Not Just Walking, But Running
When Rudolph was eleven, her family's persistence with her physical therapy, her long training without the brace, and her determination paid off: she took off the brace and was able to walk normally without it. She progressed rapidly from then on, and not only walked, but outran her peers. According to a writer in Great Women in Sports, Rudolph told a Chicago Tribune writer, "By the time I was twelve, I was challenging every boy in our neighborhood at running, jumping, everything."
In seventh grade, Rudolph entered Burt High School, a new school for African American children. Everything in their community revolved around the school, and Rudolph begged her high school coach to play basketball. She was allowed to play only because the coach wanted her older sister to play. The following year, Rudolph's basketball coach, Clinton Gray, decided to invite girls who were on the basketball team to join the track team. Rudolph joined, although she continued to play basketball until the ninth grade. In her first season, at the age of thirteen, she ran five different events—the 50-meter, 75-meter, 100-meter, 200-meter, and the 4 X 100 relay. In twenty different races, she won every event.
In her sophomore year on the basketball team, Rudolph scored 803 points in 25 games, then a state record in girls' basketball, and her team made it to competition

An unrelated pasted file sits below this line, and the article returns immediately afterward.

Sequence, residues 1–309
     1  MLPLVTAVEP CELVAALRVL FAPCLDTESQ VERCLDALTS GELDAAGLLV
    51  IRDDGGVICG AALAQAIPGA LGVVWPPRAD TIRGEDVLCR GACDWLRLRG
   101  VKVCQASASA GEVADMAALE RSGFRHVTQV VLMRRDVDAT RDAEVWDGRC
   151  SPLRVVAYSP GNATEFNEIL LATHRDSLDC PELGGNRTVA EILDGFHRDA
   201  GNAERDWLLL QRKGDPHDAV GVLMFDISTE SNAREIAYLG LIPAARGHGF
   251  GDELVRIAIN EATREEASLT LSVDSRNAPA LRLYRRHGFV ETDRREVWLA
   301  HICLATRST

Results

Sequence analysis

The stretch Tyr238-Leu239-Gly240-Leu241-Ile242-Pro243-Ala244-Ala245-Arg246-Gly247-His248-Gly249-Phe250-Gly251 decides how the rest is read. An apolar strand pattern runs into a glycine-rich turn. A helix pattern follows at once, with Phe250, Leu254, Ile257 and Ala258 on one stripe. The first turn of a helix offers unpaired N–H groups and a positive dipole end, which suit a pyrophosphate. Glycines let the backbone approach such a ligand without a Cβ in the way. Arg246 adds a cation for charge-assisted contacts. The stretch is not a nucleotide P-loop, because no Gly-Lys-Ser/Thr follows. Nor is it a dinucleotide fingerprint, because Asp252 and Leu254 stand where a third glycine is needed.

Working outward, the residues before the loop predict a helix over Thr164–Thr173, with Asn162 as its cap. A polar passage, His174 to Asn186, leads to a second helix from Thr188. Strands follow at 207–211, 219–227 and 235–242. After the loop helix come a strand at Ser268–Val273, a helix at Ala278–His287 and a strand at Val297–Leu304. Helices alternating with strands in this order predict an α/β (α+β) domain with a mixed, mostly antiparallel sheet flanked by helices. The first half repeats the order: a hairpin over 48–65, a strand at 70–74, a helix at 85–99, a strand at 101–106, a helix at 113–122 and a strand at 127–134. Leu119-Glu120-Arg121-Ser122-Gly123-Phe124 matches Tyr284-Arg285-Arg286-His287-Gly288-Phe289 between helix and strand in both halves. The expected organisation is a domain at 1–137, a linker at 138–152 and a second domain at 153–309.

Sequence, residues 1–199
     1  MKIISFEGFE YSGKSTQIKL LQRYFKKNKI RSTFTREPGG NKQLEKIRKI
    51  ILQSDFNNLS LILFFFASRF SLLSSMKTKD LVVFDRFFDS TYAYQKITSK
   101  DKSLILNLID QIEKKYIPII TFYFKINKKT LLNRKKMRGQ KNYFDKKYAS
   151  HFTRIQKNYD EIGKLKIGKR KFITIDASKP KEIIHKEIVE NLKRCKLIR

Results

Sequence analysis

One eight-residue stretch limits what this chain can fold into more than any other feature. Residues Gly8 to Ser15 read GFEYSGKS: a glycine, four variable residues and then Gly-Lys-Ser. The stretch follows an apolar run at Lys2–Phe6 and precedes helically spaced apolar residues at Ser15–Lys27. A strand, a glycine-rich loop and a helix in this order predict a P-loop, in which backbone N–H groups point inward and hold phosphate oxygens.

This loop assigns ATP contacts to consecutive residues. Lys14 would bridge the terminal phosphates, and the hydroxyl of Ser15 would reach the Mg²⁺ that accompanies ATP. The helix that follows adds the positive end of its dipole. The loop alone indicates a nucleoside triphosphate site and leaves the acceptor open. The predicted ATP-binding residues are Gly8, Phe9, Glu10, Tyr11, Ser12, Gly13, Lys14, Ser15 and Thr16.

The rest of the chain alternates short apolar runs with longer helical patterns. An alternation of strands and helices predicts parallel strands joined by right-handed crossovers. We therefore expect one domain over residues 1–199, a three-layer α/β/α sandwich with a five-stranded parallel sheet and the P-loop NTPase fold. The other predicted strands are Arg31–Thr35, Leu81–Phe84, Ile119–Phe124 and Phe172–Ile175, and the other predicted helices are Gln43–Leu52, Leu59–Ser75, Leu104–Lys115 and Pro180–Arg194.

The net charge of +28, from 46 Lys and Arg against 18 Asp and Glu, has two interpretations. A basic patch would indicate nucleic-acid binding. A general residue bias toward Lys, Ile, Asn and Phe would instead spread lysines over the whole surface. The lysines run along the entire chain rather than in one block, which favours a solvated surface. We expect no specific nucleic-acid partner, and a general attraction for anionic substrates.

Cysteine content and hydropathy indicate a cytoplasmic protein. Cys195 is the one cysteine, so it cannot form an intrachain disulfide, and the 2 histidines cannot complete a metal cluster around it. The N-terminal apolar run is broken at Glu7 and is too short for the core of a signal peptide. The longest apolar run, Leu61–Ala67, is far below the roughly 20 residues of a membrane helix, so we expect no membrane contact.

in the Middle East Tennessee Conference championship. Although they lost in the second game of the playoffs, the championship was a pivotal event in Rudolph's life because one of the referees was also a track coach at Tennessee State University. This coach, Ed Temple, noticed Rudolph's running ability and told her that she had the talent to become a great runner. He encouraged her to attend his university when she finished high school.
In that same year, Rudolph attended her first big track meet, held at Tuskegee University in Alabama. Girls from all over the South traveled there to compete, and in this wider field of competition, Rudolph did not win a single race. The losses were devastating to her, but in the long run, made her realize that her innate talent was not enough: she also had to work to improve her training and ability. She became determined to go to the meet again the following year and beat everyone there.
The next summer, Rudolph attended a track camp run by Ed Temple, where the girls ran long cross-country distances every day in order to build up their endurance. At the end of the summer, Temple's team went to the National Amateur Athletic Union (AAU) meet in Philadelphia. Rudolph entered nine races and won all of them. At the meet, she met and was photographed with baseball greats Jackie Robinson and Don Newcomb. Rudolph looked up to Robinson as her first African-American hero.
Famous Sports StarsTrack and FieldWilma Rudolph Biography - Early Obstacles, Not Just Walking, But Running, Chronology, Awards And Accomplishments, Wins Bronze At Melbourne Olympics - SELECTED WRITINGS BY RUDOLPH: